Aphid control in cereals can pay
In high-pressure seasons, cereal aphids can cause yield loss in winter cereals
in northern NSW and Queensland.
■ Aphids can be controlled in
three ways: natural enemies, pre-
sowing seed treatment and foliar
pesticide sprays in response to
■ Aphids have the greatest impact on
moisture-stressed crops, with large
populations exacerbating the impact
of the lack of moisture.
■ Small or moderate aphid
populations have less impact
and can be controlled by natural
enemies, although speed of control
can be a problem.
■ As crops mature and come into
head, aphids tend to disappear.
■ Recent research indicates oat
aphids affect yield by reducing the
number of viable tillers.
■ Identifying the presence of aphids
and their natural predators before
making insecticide decisions is
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Heavy infestations of these sap-sucking aphids (oat aphids) cause the crop to turn yellow,
be stunted and generally appear unthrifty.
New research indicates there can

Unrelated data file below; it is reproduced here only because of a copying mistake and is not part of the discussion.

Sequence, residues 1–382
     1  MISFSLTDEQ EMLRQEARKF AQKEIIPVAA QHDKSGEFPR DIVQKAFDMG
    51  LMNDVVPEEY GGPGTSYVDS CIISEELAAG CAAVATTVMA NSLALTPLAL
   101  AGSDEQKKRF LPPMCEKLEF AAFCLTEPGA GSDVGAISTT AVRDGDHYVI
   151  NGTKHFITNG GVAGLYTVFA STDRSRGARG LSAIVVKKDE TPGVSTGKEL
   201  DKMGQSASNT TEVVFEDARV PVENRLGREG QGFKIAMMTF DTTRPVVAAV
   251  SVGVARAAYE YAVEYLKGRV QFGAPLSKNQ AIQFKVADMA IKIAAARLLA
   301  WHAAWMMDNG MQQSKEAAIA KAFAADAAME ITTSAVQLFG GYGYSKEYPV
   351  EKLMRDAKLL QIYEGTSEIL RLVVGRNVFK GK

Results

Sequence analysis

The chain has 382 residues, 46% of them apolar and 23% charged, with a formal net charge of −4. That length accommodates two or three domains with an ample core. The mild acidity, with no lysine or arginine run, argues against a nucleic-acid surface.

be financial benefits from controlling
the three main species of aphids that
threaten cereal crops in the northern
region. Oat aphid, corn aphid and rose-
grain aphid favour barley, but are found
in all cereal crops.
Heavy infestations of these sap-
sucking insects cause the crop to
turn yellow, be stunted and generally
appear unthrifty. All three aphids can
damage crops by feeding on them and
in some instances by spreading barley
yellow dwarf virus.
Barley yellow dwarf virus (BYDV)
Cereal aphids are vectors of BYDV, a
disease that attacks all cereal crops.
However, BYDV does not appear to
have a major yield impact in northern
NSW and Queensland but can be highly
detrimental to crop yield in other regions.
Oat aphids are known vectors of BYDV
and these aphids are found each year in
crops in the northern region. However,
there has been little detection of BYDV
in the northern region except in crops on
the Liverpool Plains of northern NSW.
BYDV infects all cereals and can have
a significant impact on wheat, oats and
barley. Even low populations of aphids
can spread the virus.
In other regions, plants infected